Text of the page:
William Basinski and Lawrence English – Selva Oscura: An Album for Autumn Exploration

Written By: Joshua Reedy

There is something about the works of both William Basinski and Lawrence English that incites a lust for exploration. Basinski and English are both massive figureheads in the ambient/avant-garde music genre, neither of which are strangers to collaboration. Basinski is likely most recognized for his sprawling multi-faceted Disintegration Loops which, in a nine lp box set, runs for over 600 dollars on Discogs. Basinski has a wealth of other emotionally and mentally stimulating albums such as Melancholia, released in 2003. Lawrence English is an Australian ambient artist known best for his 2009 album A Colour for Autumn. English has worked with various artists including Fennesz, Grouper and even Xiu Xiu. English is responsible for the experimental music label Room 40, which houses various artists including some Tim Hecker releases. Basinski and English have come together to create Selva Oscura, released on October 12th, 2018.

“Selva Oscura” translates roughly to “Twilight Forest”; the album is perfect for any hiking through the woods this fall. The first collaboration between these two feels like an exploration into hollow and decaying spaces in nature: a marriage between cold man-made stone structures and the golden-brown descent of autumnal changes. The album combines sounds of isolating drones with pulses of life interspersed throughout. “Selva Oscura 1.2” feels as if you are traversing through a tunnel deep within the woods. Rhythmic Industrial clanking and movement pierces “Selva Oscura 1.2”, portraying imagery of rusted and abandoned machinery found lingering in a hidden place. Quiet signs of life shimmer through the drone on both “Selva Oscura 1.2” and “Selva Oscura 1.3” testifying to the final stand of nature before the Winter comes. The album exudes a feeling of curiosity, of being in an unfamiliar place and discovering something that has been left behind a long time ago. The album is a perfect ambient expression of Fall; it is lonely, dreary and endlessly echoing yet wonderfully beautiful. Fall, and this album itself are a tragically beautiful “Memento Mori”: A reminder that all things collapse eventually to time. Selva Oscura however, reminds us that this loss is what makes life beautiful in the first place, and that even the twisted nature of loss can be beautiful just as autumn forests drenched in twilight manage to evoke such emotion from us.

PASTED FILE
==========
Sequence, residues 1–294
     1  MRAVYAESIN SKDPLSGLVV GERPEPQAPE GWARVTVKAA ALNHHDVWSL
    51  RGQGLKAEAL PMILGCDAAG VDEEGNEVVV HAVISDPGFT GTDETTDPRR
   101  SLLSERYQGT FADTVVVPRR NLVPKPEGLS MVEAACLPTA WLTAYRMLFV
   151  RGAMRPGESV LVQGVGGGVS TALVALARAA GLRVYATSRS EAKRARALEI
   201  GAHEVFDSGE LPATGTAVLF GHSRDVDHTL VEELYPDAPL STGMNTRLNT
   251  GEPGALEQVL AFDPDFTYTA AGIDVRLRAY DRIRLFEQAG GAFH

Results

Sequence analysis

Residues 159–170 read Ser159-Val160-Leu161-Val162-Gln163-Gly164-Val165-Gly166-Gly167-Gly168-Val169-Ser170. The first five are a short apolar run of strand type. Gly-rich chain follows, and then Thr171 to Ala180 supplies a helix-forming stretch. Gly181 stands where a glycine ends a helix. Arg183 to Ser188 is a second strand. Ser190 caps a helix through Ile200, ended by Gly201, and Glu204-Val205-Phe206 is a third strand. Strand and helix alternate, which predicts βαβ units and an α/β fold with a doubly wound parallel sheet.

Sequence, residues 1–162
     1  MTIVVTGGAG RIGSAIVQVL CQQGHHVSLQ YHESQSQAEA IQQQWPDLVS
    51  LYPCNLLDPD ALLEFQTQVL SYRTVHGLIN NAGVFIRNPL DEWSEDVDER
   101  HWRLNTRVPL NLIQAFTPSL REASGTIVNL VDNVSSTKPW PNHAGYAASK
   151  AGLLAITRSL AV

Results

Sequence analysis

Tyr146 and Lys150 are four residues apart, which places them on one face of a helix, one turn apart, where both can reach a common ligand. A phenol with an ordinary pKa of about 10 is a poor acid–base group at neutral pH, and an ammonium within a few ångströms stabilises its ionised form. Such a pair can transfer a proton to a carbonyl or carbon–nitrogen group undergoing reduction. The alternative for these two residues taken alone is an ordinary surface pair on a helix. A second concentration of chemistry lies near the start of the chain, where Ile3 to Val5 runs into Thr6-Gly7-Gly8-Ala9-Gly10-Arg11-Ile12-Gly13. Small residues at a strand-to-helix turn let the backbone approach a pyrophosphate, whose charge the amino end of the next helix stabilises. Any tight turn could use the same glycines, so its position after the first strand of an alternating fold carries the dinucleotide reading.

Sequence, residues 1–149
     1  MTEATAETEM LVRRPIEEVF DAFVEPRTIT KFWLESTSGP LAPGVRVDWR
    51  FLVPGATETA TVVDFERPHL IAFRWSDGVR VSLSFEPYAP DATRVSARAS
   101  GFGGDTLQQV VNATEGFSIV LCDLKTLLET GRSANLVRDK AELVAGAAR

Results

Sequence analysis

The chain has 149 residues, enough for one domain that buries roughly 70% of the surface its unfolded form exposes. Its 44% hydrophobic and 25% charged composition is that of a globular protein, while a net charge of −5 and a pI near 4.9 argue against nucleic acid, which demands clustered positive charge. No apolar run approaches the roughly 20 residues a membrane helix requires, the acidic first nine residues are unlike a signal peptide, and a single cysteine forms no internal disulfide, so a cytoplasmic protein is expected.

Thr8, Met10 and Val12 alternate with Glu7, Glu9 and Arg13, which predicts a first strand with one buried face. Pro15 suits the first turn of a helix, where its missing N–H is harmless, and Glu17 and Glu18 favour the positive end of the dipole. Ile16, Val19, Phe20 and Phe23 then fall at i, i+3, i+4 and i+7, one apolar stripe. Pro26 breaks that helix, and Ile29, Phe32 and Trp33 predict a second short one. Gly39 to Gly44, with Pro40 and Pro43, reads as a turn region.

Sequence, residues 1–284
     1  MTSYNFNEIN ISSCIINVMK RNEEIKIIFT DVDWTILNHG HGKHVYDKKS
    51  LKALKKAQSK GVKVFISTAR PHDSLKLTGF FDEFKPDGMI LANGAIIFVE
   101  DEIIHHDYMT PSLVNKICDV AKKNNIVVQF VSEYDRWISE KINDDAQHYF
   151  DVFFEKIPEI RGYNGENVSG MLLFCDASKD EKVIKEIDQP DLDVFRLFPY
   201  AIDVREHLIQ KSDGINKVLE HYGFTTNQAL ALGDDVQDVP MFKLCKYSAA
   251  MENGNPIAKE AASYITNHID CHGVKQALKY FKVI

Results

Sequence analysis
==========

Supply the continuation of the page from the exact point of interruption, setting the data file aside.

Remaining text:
The first four tracks of the album, “Mono No Aware 1.1” through “Mono No Aware 1.4” lowers us into the forest with brighter sounds, and more frequent melodies. “Mono no aware” roughly means “an empathy for things” which relates to the melancholy feelings people often have during the transition from Fall into Winter. Selva Oscura as an album represents an empathy toward the slow falling of leaves and coldness of air. The album manages to find a level of warmth on top of the howling winds, providing mental images of being wrapped in a coat and hat to combat the stinging air. The “Mono No Aware” half of this album is certainly the brighter side, representing an initial entrance into Fall or one’s first step in an unknown collage of trees. Sounds reminiscent of a train bobbing along in the distance graces “Mono No Aware 1.3” bringing the idea of nature and machinery together. The albums feels like a testament to the duality of that which is natural and that which is created; as both fall apart just the same. Nature, however, always rebounds and even at the peak of Summer, wind will still blow through the various lifeless and forgotten metal structures that have been reclaimed and engulfed by trees and grass.

Overall Selva Oscura manages to be a beautifully comfortable reminder of our mortality, just as Fall. Hopefully, the existential comparison of natural cycles to the futility of our time on Earth does not unnerve the reader/listener; if it does, take comfort in knowing Halloween is just around the corner where artificial scares and vast amounts of candy can help us cope. Selva Oscura is great for getting comfy with a warm mug of tea, or for walking through your local forest.

Listen to this album below!

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